In order to determine the effects of high-frequency ventilation on the pulmonary vascular response to hypoxia, we assessed pulmonary vascular resistance at 2 levels of inspired oxygen tension (PI(O2)), 200 and 30 mmHg, during conventional and high-frequency ventilation in the isolated, blood-perfused lungs of 10 sheep, 5 treated with indomethacin (40 μg/ml of perfusate) and 5 untreated. Resistance was assessed by measuring pulmonary artery pressure-flow curves generated over a wide range of flows (20 to 140 ml·min-1·kg body wt-1). Conventional ventilation was provided by an animal ventilator at a rate of 10 min-1 and a tidal volume of 10 ml·kg body wt-1. High-frequency ventilation was provided by a flow interrupter at a rate of 1,200 min-1 and a tidal volume less than 1.5 ml·kg body wt-1. In the 5 untreated lungs, the normoxic pressure-flow curve was unaltered by high-frequency ventilation, but the hypoxic pulmonary vasoconstrictor response was significantly attenuated. Furthermore, the net rate of change of 6-keto-prostaglandin F(1α) concentration in the perfusate during hypoxia was significantly greater with high-frequency ventilation (65.4 ± 8.9 pg·ml-1·min-1) than with conventional ventilation (2.8 ± 18.7 pg·ml-1·min-1). In the 5 indomethacin-treated lungs, production of 6-keto-prostaglandin F(1α) was markedly depressed, and the attenuation of the hypoxic vasoconstrictor response by high-frequency ventilation was abolished. These results demonstrate that in isolated sheep lungs, high-frequency ventilation attenuated the pulmonary vascular response to hypoxia and suggest that this attenuation could be due to enhanced prostacyclin release by the lungs.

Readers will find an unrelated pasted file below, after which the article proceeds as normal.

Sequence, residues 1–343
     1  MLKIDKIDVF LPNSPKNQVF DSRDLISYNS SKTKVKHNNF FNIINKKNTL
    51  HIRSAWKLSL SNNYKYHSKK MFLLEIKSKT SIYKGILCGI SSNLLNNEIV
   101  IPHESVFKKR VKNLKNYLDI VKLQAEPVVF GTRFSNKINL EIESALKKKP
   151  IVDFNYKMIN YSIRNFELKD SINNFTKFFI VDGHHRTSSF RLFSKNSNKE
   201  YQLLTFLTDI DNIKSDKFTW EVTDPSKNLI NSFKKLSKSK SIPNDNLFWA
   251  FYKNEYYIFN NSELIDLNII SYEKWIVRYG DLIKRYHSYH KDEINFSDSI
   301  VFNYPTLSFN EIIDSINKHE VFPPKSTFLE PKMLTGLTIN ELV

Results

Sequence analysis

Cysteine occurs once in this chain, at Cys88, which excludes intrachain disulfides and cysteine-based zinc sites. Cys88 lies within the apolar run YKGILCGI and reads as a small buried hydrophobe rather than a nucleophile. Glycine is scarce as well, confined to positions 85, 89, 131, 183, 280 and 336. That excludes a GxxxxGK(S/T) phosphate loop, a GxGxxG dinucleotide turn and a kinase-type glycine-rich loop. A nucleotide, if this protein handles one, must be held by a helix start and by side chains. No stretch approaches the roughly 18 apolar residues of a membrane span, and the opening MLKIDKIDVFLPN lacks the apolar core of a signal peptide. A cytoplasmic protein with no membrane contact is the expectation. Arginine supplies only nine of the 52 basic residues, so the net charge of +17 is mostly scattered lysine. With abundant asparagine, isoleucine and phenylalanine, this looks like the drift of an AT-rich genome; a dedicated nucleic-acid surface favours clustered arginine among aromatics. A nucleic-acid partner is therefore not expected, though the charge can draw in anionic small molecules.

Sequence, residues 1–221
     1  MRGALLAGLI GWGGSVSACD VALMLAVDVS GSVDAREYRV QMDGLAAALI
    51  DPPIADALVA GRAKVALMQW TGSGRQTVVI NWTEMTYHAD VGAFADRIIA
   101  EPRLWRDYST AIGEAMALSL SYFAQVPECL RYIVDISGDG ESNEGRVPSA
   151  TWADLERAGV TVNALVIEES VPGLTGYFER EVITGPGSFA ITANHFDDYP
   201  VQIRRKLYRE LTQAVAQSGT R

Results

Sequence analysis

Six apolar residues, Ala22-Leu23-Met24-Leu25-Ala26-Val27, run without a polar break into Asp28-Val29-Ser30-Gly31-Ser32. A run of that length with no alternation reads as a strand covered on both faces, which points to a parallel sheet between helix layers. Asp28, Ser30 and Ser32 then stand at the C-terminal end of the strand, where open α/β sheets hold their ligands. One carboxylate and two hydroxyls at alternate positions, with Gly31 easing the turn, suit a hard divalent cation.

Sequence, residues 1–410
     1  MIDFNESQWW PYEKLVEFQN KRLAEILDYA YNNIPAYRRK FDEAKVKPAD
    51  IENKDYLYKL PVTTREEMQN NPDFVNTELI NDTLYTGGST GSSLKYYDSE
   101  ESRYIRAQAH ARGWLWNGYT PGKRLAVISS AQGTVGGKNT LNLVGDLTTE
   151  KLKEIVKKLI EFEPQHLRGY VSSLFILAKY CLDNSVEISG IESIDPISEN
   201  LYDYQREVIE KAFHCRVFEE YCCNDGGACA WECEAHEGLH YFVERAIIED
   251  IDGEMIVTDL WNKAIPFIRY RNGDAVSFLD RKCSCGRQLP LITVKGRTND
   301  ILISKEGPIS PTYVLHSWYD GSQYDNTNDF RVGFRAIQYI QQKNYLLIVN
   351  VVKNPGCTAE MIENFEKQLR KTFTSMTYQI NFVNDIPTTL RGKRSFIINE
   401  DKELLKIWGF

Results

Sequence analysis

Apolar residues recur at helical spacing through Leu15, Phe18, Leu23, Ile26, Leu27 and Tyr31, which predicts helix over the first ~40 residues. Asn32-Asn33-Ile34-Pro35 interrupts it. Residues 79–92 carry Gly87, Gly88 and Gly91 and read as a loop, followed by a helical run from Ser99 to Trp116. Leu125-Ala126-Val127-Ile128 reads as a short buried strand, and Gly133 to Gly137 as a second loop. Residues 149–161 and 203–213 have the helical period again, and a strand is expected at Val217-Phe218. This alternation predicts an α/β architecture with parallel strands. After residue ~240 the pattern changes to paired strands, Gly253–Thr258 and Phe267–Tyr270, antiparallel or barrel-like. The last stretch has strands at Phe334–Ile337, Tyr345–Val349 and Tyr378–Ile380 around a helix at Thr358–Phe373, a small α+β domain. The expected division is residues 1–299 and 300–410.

|Original language||English (US)|
|Number of pages||5|
|Journal||American Review of Respiratory Disease|
|State||Published - Sep 19 1985|
ASJC Scopus subject areas
- Pulmonary and Respiratory Medicine